In the design process we seek to extract maximum value from both sides of any contradiction."
^ Edward de Bono, Parallel Thinking
Designing this effect was one of the toughest challenges I've ever worked on. I knew exacdy what 1 wanted to achieve. At first, however, my goals seemed impossible—or at least, irreconcilable. That's probably why none of the previously published versions of this plot had achieved them. It was very satisfying when I finally arrived at my goals and far more satisfying still when I found how strongly the effect plays with lay audiences. For those who might be interested. 111 outline my thinking on the subject.
Put simply, I wanted a Follow the Leader routine that contained a lot of magic, was highly convincing, and had a strong climax.
The two seminal routines in the Follou> the Leader plot are the Vernon routine from Greater Magic and the Mario routine from The Cardician. The Vernon routine is convincing but doesn't involve much magic because you only exchange packets a couple of times. Since this is a transposition effect, the amount of magic is a function of how many times you exchange the packets. If you switch packets once and turn over three cards from each packet (as in the Vernon version), you have only one magical phase. If you switch packets three times and turn over one card each time, you have three magical phases. Obviously, the latter is more amazing. It's also far harder to achieve convincingly.
By contrast, the Mario approach involves exchanging the packets many times. Unfortunately, it does so by using a variety of swindles. Swindle methods in card magic usually rely on confusion, either confusion of identity, as in the Gemini count, or confusion of position, as in the cross-cut force. Used sparingly and strategically, such ploys con be powerful.
What limits the value of confusion-of-position swindles, however, is that they're often deceptive but seldom convincing. They are therefore most useful in achieving ancillary goals that are not central to the effect's conviction. Of course, in Follow the Leader, the positions of the two packets are the central issue.
Furthermore, when swindles are used extensively within one routine, the danger is that confusion as a method can produce confusion as an effect. In a trick where absolute clarity about the positions of the packets is critical, trying to confuse the audience about the positions of those packets (as opposed to truly deceiving them about those positions) is self-defeating. You can probably succeed in confusing them, but can you keep them from realising they're confused?
Virtually every version of Follow the Leader has adopted either the Vernon approach of strong conviction but little magic or the Mario approach of much magic but litde conviction. The challenge, 1 felt, was to reconcile the two. The breakthrough for me was the idea of using the Hamman count. This meant 1 could create an inner reality drastically different from the outer reality, yet the audience would be strongly convinced that nothing had happened yet. With most of the dirty work done early, the packets could be cleanly and repeatedly exchanged.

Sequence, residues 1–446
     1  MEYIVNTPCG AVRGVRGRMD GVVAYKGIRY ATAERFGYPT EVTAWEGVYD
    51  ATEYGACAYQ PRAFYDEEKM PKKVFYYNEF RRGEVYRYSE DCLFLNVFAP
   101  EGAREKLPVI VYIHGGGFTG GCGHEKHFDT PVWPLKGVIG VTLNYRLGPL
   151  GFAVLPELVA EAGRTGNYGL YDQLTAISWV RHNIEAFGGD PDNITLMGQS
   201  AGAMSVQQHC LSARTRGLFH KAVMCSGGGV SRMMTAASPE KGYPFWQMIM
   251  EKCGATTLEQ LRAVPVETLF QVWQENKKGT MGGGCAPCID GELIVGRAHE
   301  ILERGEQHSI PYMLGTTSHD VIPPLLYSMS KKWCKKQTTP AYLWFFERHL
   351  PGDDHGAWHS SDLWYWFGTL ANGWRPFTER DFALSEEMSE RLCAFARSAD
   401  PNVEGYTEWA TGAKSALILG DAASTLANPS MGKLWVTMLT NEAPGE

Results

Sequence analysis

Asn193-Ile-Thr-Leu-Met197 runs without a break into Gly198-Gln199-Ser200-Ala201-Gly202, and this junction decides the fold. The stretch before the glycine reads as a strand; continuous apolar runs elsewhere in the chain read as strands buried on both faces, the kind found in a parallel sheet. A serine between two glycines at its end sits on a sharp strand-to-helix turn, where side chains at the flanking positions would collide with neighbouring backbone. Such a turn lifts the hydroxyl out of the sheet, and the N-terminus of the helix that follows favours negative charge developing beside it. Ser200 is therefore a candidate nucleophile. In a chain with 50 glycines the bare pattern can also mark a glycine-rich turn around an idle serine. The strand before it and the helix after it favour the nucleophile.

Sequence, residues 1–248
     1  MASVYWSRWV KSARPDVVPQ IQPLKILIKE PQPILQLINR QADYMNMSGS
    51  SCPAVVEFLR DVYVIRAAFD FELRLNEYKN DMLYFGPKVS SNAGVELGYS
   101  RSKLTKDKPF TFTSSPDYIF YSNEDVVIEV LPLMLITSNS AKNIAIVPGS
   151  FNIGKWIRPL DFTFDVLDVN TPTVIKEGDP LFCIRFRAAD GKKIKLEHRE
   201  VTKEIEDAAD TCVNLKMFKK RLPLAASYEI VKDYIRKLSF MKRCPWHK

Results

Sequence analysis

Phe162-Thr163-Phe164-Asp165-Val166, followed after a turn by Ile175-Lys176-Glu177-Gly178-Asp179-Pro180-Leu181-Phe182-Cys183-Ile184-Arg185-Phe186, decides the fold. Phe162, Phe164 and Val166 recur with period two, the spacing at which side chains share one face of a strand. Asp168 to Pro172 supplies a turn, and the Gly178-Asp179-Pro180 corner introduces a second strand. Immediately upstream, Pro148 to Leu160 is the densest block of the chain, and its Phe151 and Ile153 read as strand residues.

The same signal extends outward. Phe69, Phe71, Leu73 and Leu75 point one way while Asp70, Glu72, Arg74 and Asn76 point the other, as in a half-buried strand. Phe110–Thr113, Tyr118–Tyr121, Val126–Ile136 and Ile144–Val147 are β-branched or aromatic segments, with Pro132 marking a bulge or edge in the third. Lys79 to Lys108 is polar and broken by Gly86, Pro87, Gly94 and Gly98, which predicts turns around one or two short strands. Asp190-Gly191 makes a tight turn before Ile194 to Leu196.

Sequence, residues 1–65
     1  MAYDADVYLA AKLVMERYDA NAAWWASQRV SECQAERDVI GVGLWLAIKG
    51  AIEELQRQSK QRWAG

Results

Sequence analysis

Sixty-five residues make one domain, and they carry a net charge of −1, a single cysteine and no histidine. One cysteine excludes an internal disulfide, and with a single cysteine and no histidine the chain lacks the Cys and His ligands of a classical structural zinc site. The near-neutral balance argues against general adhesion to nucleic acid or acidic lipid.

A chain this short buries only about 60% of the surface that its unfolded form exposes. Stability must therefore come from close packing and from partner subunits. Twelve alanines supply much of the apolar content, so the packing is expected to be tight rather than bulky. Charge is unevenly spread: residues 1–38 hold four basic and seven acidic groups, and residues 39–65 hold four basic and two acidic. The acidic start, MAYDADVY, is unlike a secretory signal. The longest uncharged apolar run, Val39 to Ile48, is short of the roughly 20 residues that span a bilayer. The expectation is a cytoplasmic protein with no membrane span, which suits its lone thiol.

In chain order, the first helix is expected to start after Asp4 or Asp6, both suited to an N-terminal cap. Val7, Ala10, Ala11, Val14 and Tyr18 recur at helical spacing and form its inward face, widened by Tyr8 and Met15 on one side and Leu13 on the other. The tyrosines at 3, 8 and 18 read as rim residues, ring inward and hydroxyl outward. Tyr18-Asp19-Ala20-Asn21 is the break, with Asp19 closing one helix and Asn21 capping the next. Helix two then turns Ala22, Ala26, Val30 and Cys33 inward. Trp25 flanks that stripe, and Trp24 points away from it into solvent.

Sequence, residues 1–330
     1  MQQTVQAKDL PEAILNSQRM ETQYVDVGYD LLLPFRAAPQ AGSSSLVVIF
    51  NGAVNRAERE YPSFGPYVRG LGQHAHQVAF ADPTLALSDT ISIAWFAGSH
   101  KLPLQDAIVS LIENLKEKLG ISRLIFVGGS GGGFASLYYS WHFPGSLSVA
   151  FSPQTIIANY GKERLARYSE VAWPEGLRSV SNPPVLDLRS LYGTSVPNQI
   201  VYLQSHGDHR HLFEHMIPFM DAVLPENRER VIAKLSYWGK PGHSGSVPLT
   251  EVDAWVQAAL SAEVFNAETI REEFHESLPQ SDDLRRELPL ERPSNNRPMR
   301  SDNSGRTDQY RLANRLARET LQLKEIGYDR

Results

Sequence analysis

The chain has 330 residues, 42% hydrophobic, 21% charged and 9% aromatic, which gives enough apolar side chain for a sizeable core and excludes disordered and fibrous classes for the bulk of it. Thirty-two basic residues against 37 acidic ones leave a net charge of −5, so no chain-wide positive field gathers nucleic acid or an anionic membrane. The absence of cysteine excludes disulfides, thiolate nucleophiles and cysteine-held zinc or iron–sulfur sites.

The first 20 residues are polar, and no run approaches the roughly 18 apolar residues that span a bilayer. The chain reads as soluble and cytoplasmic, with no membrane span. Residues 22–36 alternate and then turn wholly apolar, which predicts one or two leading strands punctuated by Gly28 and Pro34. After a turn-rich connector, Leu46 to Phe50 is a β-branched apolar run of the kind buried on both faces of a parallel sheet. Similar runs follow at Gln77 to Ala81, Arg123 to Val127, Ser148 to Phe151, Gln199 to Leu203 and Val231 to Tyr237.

Another seemingly intractable problem posed by this plot is that of diminishing scope. Perhaps the most fun damental principle of dramatic construction in magic is that things should get more amazing as the effect progresses, the most amazing being saved for last. One way to achieve this is to increase the scope (i.e., the sheer size of the magical phenomenon) with each phase.
Unfortunately, the nature of Follow the Leader is that the scope diminishes with each phase. Each time you exchange packets, the packets are smaller. Therefore, by implication, fewer cards are magically transposing.
This is why most Follotu the Leader effects end with a whimper. By the nature of the plot, the climactic phase has the least scope. I decided that, if I couldn't create a climax through increased scope, the answer would have to be increased conviction. If the last phase were the most convincing, it would also be the most amazing.
Unfortunately, I found creating strong conviction with only two cards next to impossible. (You can create confusion with only two cards. But, as I've observed, I didn't want to go that route.)
It was only when I had the breakthrough idea of climaxing the effect with the last four cards rather than two that the answer hit me. Daley s Last Ace Trick is an ultra-convincing color transposition that proved the perfect climactic phase.
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